Upon entering the doors of Sushi Hibiki, you’d feel a soothing calm wash over you. Engulfed by the tranquillity of the dimly lit restaurant, the sultry ambiance added an air of mystique to its surroundings. But as Sushi Hibiki’s executive owner, Chef Makoto Saito, took over to lead the evening, his vibrant presence enhanced the proceedings as he introduced his collaborative partner for the night, Chef Fujita of Ginza Fujita in Tokyo, who was meant to only visit Malaysia for a holiday. However, what was initially intended to be a vacation turned into a serendipitous collaboration that facilitated Volume 19 of Echo in The Night, a monthly collaborative series with Chef Saito.
In this volume, the collaboration showcased a Kaiseki-style cuisine, courtesy of Chef Fujita, who is experienced in the art of Kaiseki cooking. Kaiseki cooking is truly a craft of remarkable finesse, representing a traditional haute cuisine of Japan, where every component of the menu is carefully planned with an emphasis on seasonal essences. For Chef Fujita, this signifies a special moment in his career as it marks the first—and possibly only—collaboration in his culinary journey.
Before jumping into the menu, a little bit of a background of the exquisite sake prepared for the night: the Kuheiji ‘Human’ sake from the Aichi prefecture. Made by Yamada Nishiki (often dubbed the king of sake rice), the sake is a Junmai Daiginjo quality grade sake. It was crisp and clean, yet it left a lingering aftertaste that was delightfully pleasant.
The first dish of the night was introduced as a Trio of Japanese Delicacies. Although the three western delicacies are usually known to the world as caviar, foie gras and truffles, Japanese cuisine says otherwise. Featuring konowata rice (konowata are salted sea cucumber innards), uni junsai (sea urchin and water shield) and karasumi (dried salted mullet roe) that was cured for three years, the dish was an explosion of umami. Due to its robust flavours, it was perfect accompaniment to the sake.
Next, some fresh hirame (flounder) sashimi from Hokkaido was served, followed by a heartwarming amadai (tile fish) clear soup that was elevated with kombu and intensified with grilled manganji peppers for a hint of sweet yet subtle smokiness. The Kaiseki experience was further enhanced as Chef Fujita skilfully worked the grill to orchestrate the charcoal-grilled wild unagi (eel) from Kumamoto. The rustic warmth of the succulent unagi was paired with a tare sauce that added an extra layer of depth to the dish which, to me, was the crown jewel of the evening.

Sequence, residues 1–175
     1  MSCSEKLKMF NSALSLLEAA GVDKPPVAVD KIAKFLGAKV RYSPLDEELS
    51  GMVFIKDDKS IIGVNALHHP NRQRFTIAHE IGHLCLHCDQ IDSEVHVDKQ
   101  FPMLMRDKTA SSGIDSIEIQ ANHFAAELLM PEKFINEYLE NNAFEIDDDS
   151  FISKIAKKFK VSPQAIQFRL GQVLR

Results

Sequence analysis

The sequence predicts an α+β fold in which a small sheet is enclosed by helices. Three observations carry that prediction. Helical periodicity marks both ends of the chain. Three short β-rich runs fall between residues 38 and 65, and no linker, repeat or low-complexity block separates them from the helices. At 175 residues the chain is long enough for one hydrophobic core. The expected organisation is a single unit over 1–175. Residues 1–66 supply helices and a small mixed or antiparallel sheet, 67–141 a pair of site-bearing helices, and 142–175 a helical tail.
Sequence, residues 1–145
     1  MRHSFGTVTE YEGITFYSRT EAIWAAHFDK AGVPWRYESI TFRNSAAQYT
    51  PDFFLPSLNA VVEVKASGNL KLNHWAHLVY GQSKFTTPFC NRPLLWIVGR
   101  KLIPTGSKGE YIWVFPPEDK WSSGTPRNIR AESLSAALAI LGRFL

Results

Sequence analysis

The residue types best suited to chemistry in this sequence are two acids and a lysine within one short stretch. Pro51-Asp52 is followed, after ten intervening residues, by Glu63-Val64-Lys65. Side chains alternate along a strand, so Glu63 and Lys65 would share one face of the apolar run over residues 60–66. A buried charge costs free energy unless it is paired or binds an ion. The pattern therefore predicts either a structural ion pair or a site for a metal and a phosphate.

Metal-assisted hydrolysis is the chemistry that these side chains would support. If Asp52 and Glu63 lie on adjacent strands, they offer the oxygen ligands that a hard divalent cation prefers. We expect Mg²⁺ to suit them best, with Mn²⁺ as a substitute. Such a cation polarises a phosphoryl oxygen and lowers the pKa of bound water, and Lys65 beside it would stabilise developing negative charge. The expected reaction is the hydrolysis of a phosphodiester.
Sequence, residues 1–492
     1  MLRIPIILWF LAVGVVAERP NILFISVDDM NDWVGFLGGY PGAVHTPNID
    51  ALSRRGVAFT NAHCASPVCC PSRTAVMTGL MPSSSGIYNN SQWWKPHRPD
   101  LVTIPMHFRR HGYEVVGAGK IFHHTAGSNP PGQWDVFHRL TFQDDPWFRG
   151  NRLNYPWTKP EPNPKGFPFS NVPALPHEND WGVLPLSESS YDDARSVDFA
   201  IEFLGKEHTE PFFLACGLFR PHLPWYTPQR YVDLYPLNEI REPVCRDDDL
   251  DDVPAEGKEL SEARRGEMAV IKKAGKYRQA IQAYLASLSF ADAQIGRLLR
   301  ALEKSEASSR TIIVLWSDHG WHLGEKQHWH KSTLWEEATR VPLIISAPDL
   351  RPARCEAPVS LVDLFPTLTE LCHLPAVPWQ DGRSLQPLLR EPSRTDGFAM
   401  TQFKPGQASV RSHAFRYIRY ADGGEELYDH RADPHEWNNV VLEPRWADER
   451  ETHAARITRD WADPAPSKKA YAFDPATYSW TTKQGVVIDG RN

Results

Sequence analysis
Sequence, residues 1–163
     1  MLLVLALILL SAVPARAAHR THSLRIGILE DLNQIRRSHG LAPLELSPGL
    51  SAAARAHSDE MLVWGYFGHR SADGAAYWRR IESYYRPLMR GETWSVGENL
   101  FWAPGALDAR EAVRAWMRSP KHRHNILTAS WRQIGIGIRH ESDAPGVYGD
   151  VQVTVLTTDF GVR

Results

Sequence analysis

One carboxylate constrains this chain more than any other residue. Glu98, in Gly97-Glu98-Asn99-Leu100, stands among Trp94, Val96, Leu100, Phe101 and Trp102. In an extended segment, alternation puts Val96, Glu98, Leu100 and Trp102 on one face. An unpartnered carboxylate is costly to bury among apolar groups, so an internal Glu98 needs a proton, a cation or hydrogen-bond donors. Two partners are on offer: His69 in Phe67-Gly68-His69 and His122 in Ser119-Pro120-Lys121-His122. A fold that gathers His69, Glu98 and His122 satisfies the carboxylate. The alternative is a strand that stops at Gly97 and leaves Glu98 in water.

The dinner then proceeded with a nasu dengaku (miso glazed eggplant) made with Kamo eggplants that are highly prized Japanese heirlooms. Hailing from the Kyoto prefecture, the produce is said to have been sourced from a carefully selected reserve of crops traditionally allocated for the Imperial Family. The sweet yet savoury dish infused with yuzu provided a zesty undertone that was a harmonious medley of flavours.
We soon moved on to some seasonal sushi, which consisted of shinko (young gizzard shad), shin ika (baby golden cuttlefish) and anago (saltwater eel), before indulging in a Hokkaido hairy crab and shako (mantis shrimp) shabu-shabu served with a ponzu (citrus soy sauce base) sauce and a creamy crab tomalley sauce. The meats were sweet, juicy and slightly nutty. While the mantis shrimp was pleasantly tender, the hairy crab had a buttery texture that literally dissolved on the tongue.
A megai awabi (live giant wild abalone) from Chiba was next on the menu. Steamed for three to four hours, the abalone was basked in its own umami, showcasing a beautiful demonstration of its inherent flavours. This was followed by a comforting bowl of somen noodles. Commonly dipped in mentsuyu, a savoury Japanese soup base, the somen this time around was introduced and prepared by Chef Fujita in a thick and rich hairy crab sauce that was velvety and deeply satisfying.
It wouldn’t be right to end the meal without dessert, so a pan-fried warabimochi dusted in kinako powder was introduced for the night. The dish embraced tradition in the best way possible, combining the customs of a classic warabimochi with its soft, jelly-like texture and sweet, nutty flavour with the enhanced textures of a crispy caramelised brown sugar underlayer. The innovation comes as a signature of Chef Fujita and is a favourite of Chef Saito, concluding the Echo in The Night collaboration in a union of gastronomic eminence.
Photography: Law Soo Phye